I do think Zack fairly frequently does a “Write a reply to a person’s post as if it’s a rebuttal to the post, which mostly goes off and talks about an unrelated problem/frame that Zack cares about without engaging with what the original author was really talking about.”

Hmm. Certainly the first part of that is true, but I’m not convinced of the second part (“without engaging with what the original author was really talking about”). For example, you mention the post “Firming Up Not-Lying Around Its Edge-Cases Is Less Broadly Useful Than One Might Initially Think”. I found that said post expressed objections and thoughts that I had when reading Eliezer’s “Meta-Honesty” post, so it seems strange to say that Zack’s post didn’t engage with what Eliezer wrote! (Unless you take the view that what ... (read more)

Would it help if we distinguished between a "reply" (in which a commentator explains the thoughts that they had in reaction to a post, often critical or otherwise negative thoughts) and a "rebuttal" (in which the commentator directly contradicts the original post, such that the original post and the rebuttal can't "both be right")? I often write replies that are not rebuttals, but I think this is fine.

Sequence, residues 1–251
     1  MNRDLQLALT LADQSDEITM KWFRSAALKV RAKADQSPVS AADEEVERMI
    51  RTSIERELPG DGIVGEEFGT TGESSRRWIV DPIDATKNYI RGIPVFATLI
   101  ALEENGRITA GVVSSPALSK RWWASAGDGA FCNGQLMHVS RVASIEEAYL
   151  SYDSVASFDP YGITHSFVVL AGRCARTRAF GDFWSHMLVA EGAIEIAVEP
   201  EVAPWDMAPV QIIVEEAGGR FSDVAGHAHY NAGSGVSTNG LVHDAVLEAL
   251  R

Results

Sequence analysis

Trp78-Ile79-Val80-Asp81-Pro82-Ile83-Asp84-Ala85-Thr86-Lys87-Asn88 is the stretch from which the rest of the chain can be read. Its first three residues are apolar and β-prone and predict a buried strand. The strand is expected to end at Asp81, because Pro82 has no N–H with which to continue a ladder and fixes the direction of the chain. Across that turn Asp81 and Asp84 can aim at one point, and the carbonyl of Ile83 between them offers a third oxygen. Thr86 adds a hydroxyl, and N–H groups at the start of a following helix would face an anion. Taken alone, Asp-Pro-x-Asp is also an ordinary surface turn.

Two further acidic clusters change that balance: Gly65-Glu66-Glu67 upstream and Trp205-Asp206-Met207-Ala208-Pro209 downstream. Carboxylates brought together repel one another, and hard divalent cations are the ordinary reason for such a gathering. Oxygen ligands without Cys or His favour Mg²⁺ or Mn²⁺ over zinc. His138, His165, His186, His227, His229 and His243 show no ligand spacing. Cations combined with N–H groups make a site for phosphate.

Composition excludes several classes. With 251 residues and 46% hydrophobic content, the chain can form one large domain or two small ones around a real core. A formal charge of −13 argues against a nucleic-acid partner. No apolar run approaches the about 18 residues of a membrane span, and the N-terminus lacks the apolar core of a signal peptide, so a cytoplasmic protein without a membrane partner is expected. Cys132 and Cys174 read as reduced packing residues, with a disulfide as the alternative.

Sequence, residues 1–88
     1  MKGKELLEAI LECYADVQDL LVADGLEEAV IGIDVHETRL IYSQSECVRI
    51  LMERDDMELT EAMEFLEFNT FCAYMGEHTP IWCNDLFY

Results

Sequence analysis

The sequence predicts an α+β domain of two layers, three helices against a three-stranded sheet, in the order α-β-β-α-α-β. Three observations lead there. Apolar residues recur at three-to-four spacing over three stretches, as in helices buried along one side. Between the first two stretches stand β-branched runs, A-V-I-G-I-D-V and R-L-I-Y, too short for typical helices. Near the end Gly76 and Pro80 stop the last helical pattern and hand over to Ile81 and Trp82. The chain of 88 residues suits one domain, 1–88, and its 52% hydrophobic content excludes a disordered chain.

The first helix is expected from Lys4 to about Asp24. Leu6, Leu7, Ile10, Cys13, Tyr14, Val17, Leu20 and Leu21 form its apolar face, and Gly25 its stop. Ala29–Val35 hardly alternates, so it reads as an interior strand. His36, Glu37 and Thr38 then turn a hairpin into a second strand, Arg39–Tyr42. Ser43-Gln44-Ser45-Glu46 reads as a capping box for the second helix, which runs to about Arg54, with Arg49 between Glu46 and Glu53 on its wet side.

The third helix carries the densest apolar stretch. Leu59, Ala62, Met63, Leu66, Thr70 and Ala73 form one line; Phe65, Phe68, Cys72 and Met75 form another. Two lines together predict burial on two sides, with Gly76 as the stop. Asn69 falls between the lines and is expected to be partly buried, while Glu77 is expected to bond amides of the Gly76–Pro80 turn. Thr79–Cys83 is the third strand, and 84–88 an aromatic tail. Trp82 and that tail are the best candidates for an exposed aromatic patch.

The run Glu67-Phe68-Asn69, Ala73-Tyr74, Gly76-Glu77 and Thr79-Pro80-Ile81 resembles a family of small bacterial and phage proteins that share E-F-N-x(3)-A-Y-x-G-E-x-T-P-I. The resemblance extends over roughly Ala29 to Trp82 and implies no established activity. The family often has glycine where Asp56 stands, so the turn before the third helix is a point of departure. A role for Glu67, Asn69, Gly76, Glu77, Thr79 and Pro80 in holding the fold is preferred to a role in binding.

Everyone sometimes issues replies that are not rebuttals, but there is an expectation that replies will meet some threshold of relevance. Injecting "your comment reminds me of the medieval poet Dante Alighieri" into a random conversation would generally be considered off-topic, even if the speaker genuinely was reminded of him. Other participants in the conversation might suspect this speaker of being obsessed with Alighieri, and they might worry that he was trying to subvert the conversation by changing it to a topic no one but him was interested in. They might think-but-be-too-polite-to-say "Dude, no one cares, stop distracting from the topic at hand".